In addition to tightening emission standards, there are two other ways that have been discussed at length to regulate CO2 emissions, the gas that is in the most abundance. First is through a carbon tax and second through a cap and trade system.

Book Review – Our Choice

OurChoiceThis morning the Copenhagen Climate Conference kicked off. As I mentioned in earlier posts, the two big issues are the reduction of CO2 and the halting of deforestation. As I noted in other writings, there are Climate Alarmists and Climate Skeptics. Climate Alarmists, which Al Gore would be considered, believe that if we don’t curb global warming now, the earth will face unprecedented consequences. The climate skeptics, as Bjorn Lomborg would be considered, offer the view that the problem has been blown out of proportion or is focused on the wrong culprits. Actually there would be nothing more fun than a Lomborg/Gore debate.

On Friday, I presented a ‘skeptics’ view…today I will present an ‘alarmists’ view. For the third book review, I chose Al Gore’s, “Our Choice A Plan to Solve the Climate Crisis.” Most people know that Gore helped to put the global warming debate on the map with his first book and movie, “An Inconvenient Truth.” These efforts led to a shared Oscar and co-recipient of the Nobel Peace Prize in 2007. Gore will also be playing a major role in Copenhagen over the next two weeks.

Gore begins, “It is now abundantly clear that we have at our fingertips all of the tools we need to solve the climate crisis. The only missing ingredient is collective will.”

Throughout the book, Gore uses a combination of words, graphics and pictures to demonstrate the climate change debate, detail many of the solutions and offer policy recommendations. There is one area where I think Gore did a great job, and that is explaining what the six categories of global warming pollution are: carbon dioxide, methane, black carbon, sulfur hexaflouride, tetrafluoroethane, carbon monoxide, butane and nitrous oxide. To date, the biggest focus has been on carbon dioxide and Gore’s focus throughout the book is no different.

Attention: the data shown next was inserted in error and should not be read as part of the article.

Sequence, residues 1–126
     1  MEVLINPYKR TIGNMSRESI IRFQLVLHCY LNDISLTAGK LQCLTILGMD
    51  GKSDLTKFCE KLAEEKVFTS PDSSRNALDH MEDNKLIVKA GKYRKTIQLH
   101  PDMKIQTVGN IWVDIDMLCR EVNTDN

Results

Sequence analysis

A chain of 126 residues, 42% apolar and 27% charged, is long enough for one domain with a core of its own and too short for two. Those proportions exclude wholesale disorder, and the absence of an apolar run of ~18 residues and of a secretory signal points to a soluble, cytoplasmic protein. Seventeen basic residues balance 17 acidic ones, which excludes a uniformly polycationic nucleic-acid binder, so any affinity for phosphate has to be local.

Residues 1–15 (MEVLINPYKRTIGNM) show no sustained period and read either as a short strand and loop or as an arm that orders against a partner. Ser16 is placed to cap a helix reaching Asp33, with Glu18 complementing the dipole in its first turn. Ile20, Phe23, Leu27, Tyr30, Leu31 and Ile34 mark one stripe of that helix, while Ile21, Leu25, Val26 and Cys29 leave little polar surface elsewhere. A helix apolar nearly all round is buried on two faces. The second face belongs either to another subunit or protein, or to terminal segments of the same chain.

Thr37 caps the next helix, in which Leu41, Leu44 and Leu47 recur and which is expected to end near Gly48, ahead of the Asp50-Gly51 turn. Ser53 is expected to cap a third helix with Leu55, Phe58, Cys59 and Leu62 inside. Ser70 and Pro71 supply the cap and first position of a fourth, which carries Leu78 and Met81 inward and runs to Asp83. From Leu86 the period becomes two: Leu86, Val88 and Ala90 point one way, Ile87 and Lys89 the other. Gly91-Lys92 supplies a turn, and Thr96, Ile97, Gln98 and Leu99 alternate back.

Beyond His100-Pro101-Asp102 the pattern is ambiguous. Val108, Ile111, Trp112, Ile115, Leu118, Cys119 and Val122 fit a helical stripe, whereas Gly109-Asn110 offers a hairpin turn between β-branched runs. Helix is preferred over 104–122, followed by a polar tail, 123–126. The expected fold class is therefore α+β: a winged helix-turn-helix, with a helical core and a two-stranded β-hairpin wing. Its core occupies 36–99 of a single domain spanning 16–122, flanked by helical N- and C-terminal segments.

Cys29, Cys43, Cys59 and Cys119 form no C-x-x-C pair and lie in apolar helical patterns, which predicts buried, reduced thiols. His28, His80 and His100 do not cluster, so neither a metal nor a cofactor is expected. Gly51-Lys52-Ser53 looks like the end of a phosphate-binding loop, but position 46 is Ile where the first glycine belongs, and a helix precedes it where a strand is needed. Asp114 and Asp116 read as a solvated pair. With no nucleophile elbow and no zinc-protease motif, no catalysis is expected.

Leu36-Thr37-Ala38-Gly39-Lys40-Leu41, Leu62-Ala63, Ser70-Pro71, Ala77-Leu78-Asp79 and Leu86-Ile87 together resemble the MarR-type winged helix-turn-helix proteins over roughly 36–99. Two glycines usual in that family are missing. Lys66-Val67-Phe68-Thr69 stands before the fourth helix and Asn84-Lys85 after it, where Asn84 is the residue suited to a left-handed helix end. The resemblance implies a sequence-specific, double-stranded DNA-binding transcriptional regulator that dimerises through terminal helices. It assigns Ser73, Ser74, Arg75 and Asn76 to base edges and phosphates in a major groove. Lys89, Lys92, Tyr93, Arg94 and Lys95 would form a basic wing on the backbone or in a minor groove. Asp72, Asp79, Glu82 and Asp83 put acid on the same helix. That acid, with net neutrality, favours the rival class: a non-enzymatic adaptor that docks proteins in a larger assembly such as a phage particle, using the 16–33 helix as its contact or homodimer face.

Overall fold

Along those same lines, Gore advocates that the most effective way to curb CO2 is through putting a price on carbon. He writes, “An effective plan for solving the climate crisis must include aggressive remedies for our erroneous reliance on deceptive market signals in carbon-based energy.” Continue reading

Book Review – Cool It

CoolItWhat is the greatest crisis in the history of civilization? Global warming. Well, at least according to the media’s portrayal. However, according to Bjorn Lomborg, the author of “Cool It, and the second review in my Copenhagen Climate Conference three views in seven days series, while global warming is an concern, it is not the most pressing worldwide issue.

Lomborg writes, “That humanity has caused a substantial rise in atmospheric carbon dioxide levels over the past centuries, thereby contributing to global warming, is beyond debate. What is debatable, however, is whether hysteria and headlong spending on extravagant CO2-cutting programs at an unprecedented price is the only possible response.”

He continues, “Such a course is especially debatable in a world where billions of people live in poverty, where millions die of curable diseases, and where these lives could be saved, societies strengthened, and environments improved at a fraction of the cost.”

Has the worldwide frenzy surrounding global warming caused us to lose our common sense? Continue reading

Rethinking Deforestation – A Copenhagen Challenge

Amazon_RainforestYesterday I wrote about one of the major challenges facing leaders who will be participating in the Copenhagen Climate Conference – global warming. Today, I’m addressing a second major issue facing the leaders – stopping deforestation. There is a misnomer that the main driver of deforestation is the increased production of biofuels. While there is a correlation between biofuels and deforestation, it is minor compared to the real driver – the trees are worth more cut down than they are standing. Let me explain.

Some of the poorest people in the world reside in the regions in and around the Brazilian Amazon rainforest. To survive, they cut down the trees and sell them. Although there have been attempts to ‘block’ this wood from international markets, these efforts have not been successful. Once the trees are cut down, cattle farmers move in and once the land has been over-grazed and the cattle move on, farmers often begin growing soybeans. Another point of interest is that sugarcane does not grow well in the Amazonian region; however, laws have been passed that prohibit the expansion of sugarcane production on native vegetation.

According to The Breakthrough Institute, “The main drivers of Amazonian deforestation are socio-economic. Yet decades of environmental policy have failed to take this basic truth into account.” If we’re going to keep the rainforest intact, then the people who live in the region will need to be given new opportunities to generate wealth that are worth more then selling the trees.